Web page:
Link Dump: Burnett & Arbitration Cases

It’s a gorgeous Monday afternoon in New York, beautiful blue sky with a light breeze … they should dome the Tri-State Area with weather like this. Anyway, if you’re stuck spending your lunch break inside, here’s a pair of links to help pass the time…

A.J. Burnett, Reliever?

Joe wrote a post about why the Yankees should stick A.J. Burnett in the bullpen earlier this month, and Lucas Apostoleris added to the argument today at FanGraphs. The graph above shows that Burnett’s fastball velocity drops a good two miles an hour during the course of a typical start, peaking right around 94 mph through his first 30 pitches. Unsurprisingly, his strikeout rate dips later in the game and he gets hit harder. Joe Girardi said yesterday that they’re going to get back to a five-man rotation after the upcoming Red Sox series, and right now A.J. is clearly the odd man out. Given the info presented in Joe’s and Lucas’ posts, it would be interesting to see what the right-hander could do in one-inning relief bursts.

Previewing The Yankees’ Arbitration Cases

The Yankees had three relatively simple arbitration cases last year, settling on one-year contracts with Phil Hughes, Joba Chamberlain, and Boone Logan before hearings even had to be scheduled. It won’t be that easy this year though, the Yankees have six players up for arbitration as Tim Dierkes’ shows in his Arbitration Eligibles series at MLBTR.

None of the six players – the three guys above plus David Robertson, Brett Gardner, and Russell Martin – are non-tender candidates, and all together they could end up costing the Yankees around $18M or so. Most of that is Martin (figure $6M or so), who’s going through arbitration for the fourth time as a Super Two. Gardner will probably get something close to the $2.4M that Michael Bourn got his first time through arbitration last year, and the relievers will be lucky to top $2M each. I really have no idea what Hughes is looking at, but Tim suggests $3.4M or so. Hooray for cheap talent.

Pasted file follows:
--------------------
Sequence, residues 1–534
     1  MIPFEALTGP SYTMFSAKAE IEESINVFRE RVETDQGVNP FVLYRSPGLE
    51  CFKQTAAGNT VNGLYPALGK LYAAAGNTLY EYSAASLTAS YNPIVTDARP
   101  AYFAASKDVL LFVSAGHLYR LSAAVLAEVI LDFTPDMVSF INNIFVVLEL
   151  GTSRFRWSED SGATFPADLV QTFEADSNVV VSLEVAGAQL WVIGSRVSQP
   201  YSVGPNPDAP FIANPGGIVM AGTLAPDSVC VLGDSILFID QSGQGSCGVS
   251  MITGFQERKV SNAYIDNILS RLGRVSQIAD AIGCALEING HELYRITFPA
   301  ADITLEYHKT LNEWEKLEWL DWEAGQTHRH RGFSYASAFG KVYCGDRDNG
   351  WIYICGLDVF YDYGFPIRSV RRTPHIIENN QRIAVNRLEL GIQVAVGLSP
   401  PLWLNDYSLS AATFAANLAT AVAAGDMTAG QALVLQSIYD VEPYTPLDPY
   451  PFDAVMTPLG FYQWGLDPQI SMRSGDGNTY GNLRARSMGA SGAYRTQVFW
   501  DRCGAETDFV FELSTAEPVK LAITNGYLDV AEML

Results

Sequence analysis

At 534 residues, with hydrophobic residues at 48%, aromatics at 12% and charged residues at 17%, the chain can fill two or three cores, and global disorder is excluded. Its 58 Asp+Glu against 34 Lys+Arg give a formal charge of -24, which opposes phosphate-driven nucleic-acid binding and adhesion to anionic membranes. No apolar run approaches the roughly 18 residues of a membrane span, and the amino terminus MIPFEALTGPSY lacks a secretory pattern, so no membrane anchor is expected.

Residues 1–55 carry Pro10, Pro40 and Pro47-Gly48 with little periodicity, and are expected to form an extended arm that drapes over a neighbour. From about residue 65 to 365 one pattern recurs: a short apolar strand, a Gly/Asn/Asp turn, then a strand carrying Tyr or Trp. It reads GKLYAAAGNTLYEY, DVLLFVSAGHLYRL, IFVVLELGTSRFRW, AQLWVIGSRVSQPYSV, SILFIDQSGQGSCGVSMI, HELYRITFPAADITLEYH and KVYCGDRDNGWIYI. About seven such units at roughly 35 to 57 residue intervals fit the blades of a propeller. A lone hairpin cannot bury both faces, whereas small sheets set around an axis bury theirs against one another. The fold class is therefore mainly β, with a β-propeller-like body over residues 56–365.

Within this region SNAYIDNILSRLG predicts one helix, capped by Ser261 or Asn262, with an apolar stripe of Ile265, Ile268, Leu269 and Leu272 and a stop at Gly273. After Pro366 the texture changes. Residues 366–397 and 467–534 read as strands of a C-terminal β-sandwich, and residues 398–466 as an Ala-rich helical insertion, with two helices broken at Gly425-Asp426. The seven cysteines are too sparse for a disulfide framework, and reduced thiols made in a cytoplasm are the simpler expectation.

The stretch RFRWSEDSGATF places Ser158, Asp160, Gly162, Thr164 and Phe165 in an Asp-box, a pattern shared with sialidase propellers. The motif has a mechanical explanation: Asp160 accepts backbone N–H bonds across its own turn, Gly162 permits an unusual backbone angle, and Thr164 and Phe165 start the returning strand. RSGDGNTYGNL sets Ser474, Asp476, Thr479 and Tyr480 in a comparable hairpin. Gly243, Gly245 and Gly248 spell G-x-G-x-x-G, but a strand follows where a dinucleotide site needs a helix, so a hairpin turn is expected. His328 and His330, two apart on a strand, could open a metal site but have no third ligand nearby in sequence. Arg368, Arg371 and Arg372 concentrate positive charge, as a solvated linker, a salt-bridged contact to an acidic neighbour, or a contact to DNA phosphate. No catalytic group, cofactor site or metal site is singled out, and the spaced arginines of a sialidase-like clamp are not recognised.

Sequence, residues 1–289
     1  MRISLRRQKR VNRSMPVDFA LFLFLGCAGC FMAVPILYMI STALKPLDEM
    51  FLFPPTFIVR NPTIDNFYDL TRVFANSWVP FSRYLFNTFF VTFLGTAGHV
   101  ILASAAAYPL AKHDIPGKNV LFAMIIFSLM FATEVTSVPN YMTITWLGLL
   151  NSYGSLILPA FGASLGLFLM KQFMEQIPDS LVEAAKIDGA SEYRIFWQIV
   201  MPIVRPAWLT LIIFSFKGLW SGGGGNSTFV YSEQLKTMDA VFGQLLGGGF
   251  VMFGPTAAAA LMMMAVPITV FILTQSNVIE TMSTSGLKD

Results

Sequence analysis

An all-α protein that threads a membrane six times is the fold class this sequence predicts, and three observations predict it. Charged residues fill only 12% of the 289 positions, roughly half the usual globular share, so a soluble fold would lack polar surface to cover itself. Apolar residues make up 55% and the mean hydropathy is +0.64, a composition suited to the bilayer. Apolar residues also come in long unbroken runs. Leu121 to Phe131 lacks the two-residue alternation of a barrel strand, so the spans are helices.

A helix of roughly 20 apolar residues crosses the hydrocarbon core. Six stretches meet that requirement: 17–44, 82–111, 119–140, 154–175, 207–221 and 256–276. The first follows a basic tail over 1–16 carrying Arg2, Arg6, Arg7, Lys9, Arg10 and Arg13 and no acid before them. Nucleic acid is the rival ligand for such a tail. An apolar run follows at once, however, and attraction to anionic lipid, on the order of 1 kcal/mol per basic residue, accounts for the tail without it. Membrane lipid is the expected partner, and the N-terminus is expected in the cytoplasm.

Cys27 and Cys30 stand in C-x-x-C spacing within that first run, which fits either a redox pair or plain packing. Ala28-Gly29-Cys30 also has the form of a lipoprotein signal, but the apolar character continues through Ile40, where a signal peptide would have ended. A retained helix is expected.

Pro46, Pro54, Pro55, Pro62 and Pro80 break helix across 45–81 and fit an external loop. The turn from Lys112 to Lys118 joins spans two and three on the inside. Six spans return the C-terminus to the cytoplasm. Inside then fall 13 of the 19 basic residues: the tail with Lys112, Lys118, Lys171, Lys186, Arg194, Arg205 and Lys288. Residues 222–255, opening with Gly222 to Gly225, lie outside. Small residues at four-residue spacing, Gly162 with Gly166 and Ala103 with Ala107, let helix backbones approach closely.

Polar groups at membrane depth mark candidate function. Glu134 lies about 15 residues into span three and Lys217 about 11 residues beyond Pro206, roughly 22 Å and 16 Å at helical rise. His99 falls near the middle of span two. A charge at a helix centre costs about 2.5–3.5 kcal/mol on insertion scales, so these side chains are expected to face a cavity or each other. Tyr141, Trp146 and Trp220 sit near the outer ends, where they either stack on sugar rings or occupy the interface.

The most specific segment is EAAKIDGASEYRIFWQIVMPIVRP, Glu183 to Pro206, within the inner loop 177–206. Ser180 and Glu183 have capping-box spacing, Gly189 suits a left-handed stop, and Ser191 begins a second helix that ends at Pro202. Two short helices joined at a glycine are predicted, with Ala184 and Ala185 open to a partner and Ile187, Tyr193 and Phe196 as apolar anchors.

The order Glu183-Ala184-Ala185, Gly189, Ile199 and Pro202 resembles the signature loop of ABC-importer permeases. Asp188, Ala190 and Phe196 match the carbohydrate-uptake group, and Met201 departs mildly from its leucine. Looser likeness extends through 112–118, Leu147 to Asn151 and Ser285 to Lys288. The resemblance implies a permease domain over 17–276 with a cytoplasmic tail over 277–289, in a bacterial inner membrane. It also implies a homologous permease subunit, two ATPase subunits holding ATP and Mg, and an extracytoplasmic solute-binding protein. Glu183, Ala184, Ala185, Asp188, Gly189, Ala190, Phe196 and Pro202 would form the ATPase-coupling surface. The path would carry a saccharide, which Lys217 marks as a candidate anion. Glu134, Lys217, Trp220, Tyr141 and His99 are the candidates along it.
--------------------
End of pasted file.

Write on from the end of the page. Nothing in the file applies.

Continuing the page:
Complaining about three games in three cities on two coasts in three days

Brett found a way to relax between games yesterday. (Mitchell Layton/Getty)

As you’ve probably heard by now, the Yankees and Orioles will make up one of this weekend’s games on September 8th at 1pm ET, a mutual off day for the two clubs. Apparently some miscommunication between the O’s and the MLBPA resulted in the decision to postpone the game to that date, which the Yankees most certainly did not want. It was their only true off day of the month, and now they’ve got to play three games in three cities on two coasts in the span of about 60 hours late next week. They’ll play the Orioles in the Bronx on Wednesday, the Orioles in Baltimore on Thursday, then fly to the west coast to play the Angels in Anaheim on Friday.

As he’s prone to do, Buck Showalter ran his mouth about the Yankees being “disrespectful” towards the Orioles following Mike Flanagan’s death by wanting to play two games on Friday. “I’m sure if they stopped and thought about it, if the same thing happened to one of their greats, they probably would have given a lot of consideration to how they were going to handle that day,” said Showalter, apparently failing to realize that the Yankees have lost a number of all-time greats in recent years, including George Steinbrenner and Bob Sheppard last summer. Obviously a tribute to Flanagan was important to the O’s, but they did hide behind that excuse to distract from the real reason why they didn’t want to play two games on Friday: they didn’t want to lose the gate revenue.

Rosters expand this Thursday, so getting the important players rest won’t be too big of a deal down the stretch, but there’s no doubt that the travel schedule is a hassle. The Yankees will play the second of 18 games in 18 days today, a stretch that includes stops in five cities with the last six games on the west coast. By the time they finish up their game with the Mariners on Sept. 14th (10pm ET start) and fly to Toronto, it’ll probably be nine or ten in the morning on the East Coast when they land. Sleep all day before starting the three-game series the next day, and there’s the team’s only scheduled day off the rest of the season. Hardly qualifies as an off day, really.

Thankfully, the Yankees are sitting pretty at the moment, leading the Rays by 6.5 games for the wildcard with only 31 games left to play. If they go 14-14 in their next 28 games, the Rays would need to win 17 of their next 27 games just to make that last series of the year against the Yankees in Tampa interesting, and even then they’d need a sweep to force a Game 163. There’s very little to worry about here, and remember, New York will always be the bad guy. That’s why you have columns supporting the Orioles being written while Josh Beckett gets his ass kissed for complaining about the schedule. The double standard never ceases to amaze.